Or just put the contents on your own web server and include a link in the email, which seems a lot less convoluted and retarded than sending a "fake" email and thena real email.  And, of course, if the second email is the "real" email then it can't be retracted.

     

    But the point is this automates all of that for you so you don't have to come up with goofy, manual processes to retract an email.  I'm not saying it's a brilliant idea, but some people find it useful enough to pay for it and even with all the possible ways to bypass it it is still effective enough for their needs.



  • This.



  •  How come this many websites all process html with no filtering whatsoever? I posted one recently with exactly the same flaw. 



  • @Mole said:

    How come this many websites all process html with no filtering whatsoever?
     

    There exists many idiots.



  •  This reminds me of those CDs they were trying to market some time ago that would get disabled after a few uses. The idea was that you'd rent a movie and you wouldn't have to bring it back. Apparently none of those people had heard of a CD writer. And then internet speeds picked up, torrents got popular, etc, etc and the whole thing died a quiet death



  • @Abdiel said:

    1) Take a screenshot
    2) Paste screenshot in Word
    3) Print screenshot from Word

    No wooden table required.

    Signature worthy.





  • @DOA said:

     This reminds me of those CDs they were trying to market some time ago that would get disabled after a few uses. The idea was that you'd rent a movie and you wouldn't have to bring it back. Apparently none of those people had heard of a CD writer. And then internet speeds picked up, torrents got popular, etc, etc and the whole thing died a quiet death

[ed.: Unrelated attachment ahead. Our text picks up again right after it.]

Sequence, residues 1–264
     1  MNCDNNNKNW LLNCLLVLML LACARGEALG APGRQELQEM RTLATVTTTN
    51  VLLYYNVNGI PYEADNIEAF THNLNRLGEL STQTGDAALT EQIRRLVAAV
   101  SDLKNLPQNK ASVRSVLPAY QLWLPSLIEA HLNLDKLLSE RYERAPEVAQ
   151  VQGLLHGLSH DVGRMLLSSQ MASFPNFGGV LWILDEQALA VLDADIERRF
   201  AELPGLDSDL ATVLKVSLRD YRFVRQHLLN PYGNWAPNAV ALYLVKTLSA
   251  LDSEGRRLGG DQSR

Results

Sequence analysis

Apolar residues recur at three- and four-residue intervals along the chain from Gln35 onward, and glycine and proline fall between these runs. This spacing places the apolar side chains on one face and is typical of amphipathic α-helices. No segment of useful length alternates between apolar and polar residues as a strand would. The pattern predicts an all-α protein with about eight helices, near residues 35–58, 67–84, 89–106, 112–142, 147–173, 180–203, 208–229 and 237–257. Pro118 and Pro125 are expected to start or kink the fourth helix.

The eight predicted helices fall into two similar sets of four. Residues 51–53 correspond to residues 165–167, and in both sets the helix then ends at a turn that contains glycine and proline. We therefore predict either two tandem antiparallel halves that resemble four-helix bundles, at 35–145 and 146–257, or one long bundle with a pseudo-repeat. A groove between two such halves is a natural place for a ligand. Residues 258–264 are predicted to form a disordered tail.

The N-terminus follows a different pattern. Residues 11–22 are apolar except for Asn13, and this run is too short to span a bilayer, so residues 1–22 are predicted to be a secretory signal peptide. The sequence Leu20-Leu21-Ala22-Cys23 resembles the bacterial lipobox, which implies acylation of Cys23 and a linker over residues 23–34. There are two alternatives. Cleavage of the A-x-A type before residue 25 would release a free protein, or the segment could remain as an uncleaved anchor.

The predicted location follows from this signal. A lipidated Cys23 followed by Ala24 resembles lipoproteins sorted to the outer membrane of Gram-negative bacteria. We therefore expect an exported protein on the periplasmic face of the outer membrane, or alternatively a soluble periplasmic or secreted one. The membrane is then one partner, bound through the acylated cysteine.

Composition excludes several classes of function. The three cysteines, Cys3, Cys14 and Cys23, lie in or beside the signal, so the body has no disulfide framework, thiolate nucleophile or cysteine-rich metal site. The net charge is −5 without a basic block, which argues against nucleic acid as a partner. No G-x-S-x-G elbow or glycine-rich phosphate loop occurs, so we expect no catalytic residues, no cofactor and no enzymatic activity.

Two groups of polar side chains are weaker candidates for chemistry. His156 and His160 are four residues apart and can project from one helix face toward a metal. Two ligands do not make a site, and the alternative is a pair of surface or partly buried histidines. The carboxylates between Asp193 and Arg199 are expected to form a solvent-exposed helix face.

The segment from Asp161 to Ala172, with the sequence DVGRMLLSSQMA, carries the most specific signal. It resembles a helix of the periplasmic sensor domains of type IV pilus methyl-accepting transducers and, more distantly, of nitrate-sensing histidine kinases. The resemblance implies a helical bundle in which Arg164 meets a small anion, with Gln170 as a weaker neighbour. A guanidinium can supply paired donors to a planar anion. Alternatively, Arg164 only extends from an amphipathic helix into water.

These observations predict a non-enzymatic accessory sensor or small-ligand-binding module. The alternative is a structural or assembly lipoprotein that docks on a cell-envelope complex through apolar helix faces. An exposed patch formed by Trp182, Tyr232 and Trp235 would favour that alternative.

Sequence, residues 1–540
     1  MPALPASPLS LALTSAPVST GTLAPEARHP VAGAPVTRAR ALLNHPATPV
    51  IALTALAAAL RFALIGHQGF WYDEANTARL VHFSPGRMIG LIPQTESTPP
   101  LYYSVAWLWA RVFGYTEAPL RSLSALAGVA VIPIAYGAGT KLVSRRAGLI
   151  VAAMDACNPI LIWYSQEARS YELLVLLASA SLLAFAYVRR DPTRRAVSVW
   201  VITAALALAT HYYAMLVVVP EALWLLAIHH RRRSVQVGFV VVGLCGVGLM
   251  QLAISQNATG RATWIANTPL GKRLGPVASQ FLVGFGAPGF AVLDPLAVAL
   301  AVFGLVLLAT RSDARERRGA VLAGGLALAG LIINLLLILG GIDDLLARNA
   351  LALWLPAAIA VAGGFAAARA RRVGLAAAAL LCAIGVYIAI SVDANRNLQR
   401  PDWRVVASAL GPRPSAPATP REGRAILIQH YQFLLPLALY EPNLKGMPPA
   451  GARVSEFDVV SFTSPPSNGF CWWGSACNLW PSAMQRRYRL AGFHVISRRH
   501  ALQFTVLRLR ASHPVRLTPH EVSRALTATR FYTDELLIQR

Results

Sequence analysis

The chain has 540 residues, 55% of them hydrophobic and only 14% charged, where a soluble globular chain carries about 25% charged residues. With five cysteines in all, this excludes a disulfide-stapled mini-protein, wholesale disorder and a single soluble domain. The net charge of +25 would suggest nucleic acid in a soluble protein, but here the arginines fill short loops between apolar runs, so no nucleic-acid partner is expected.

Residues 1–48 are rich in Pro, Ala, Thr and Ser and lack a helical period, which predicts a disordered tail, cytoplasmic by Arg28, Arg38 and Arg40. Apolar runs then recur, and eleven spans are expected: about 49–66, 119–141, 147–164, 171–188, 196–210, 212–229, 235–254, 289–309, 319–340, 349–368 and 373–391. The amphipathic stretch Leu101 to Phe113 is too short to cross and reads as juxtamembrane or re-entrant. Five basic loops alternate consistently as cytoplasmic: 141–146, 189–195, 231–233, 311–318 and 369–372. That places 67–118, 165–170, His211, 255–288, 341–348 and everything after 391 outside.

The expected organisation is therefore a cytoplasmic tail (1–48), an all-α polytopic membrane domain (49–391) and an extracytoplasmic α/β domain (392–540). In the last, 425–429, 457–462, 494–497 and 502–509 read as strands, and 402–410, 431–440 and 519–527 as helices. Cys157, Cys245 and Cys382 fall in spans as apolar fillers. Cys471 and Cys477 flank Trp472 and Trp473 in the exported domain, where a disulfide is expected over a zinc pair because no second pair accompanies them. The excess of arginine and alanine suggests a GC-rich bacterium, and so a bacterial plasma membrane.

Divx?  Those couldn't be copied.



  • @morbiuswilters said:

    @DOA said:

     This reminds me of those CDs they were trying to market some time ago that would get disabled after a few uses. The idea was that you'd rent a movie and you wouldn't have to bring it back. Apparently none of those people had heard of a CD writer. And then internet speeds picked up, torrents got popular, etc, etc and the whole thing died a quiet death

    Divx?  Those couldn't be copied.

    There was another type, Disney was looking into awhile back. It's not like Divx where it requires a special player. The disks had some kind of chemical that broke-down when it was exposed to air or light and make the pits unreadable. Once you unsealed the package you had like 24 hours to watch it, more or less. Other than that, they were perfectly normal DVDs that would play in any player.



  • @dhromed said:

    I've gone the route of putting a few doman-specific rules in Stylish to set such elements to display:none permanently.

    NewScientist, I'm looking at you. If your devs' idea of article protection is putting up a few overlay divs, then you deserve to be "hacked".

     

    I prefer to give the dev(s) the benefit of the doubt and think of it like this:

    PHB says "MAKE OUR WEBSITE UNREADABLE AFTER 3 ARTICLES"

    Developer groans and explain myriad ways why this is stupid, bypassable, annoying, etc. 

    PHB says "DO IT ANYWAY, I R TEH BOSS AND I GET MY WAY OR TANTRUM"

    Developer implements 'protection' easily bypassable by anybody with a grain of sense, of course his Boss is UNABLE TO READ ARTICLES, YESSS, POWERRRR OVER THE PEONS THAT READ MY WEBSITE, BAHAHAHAHA, and thus happy and none-the-wiser. 

    So don't fricking alert them to this situation! I like my articles, damnit. 



  • @blakeyrat said:

    @morbiuswilters said:
    @DOA said: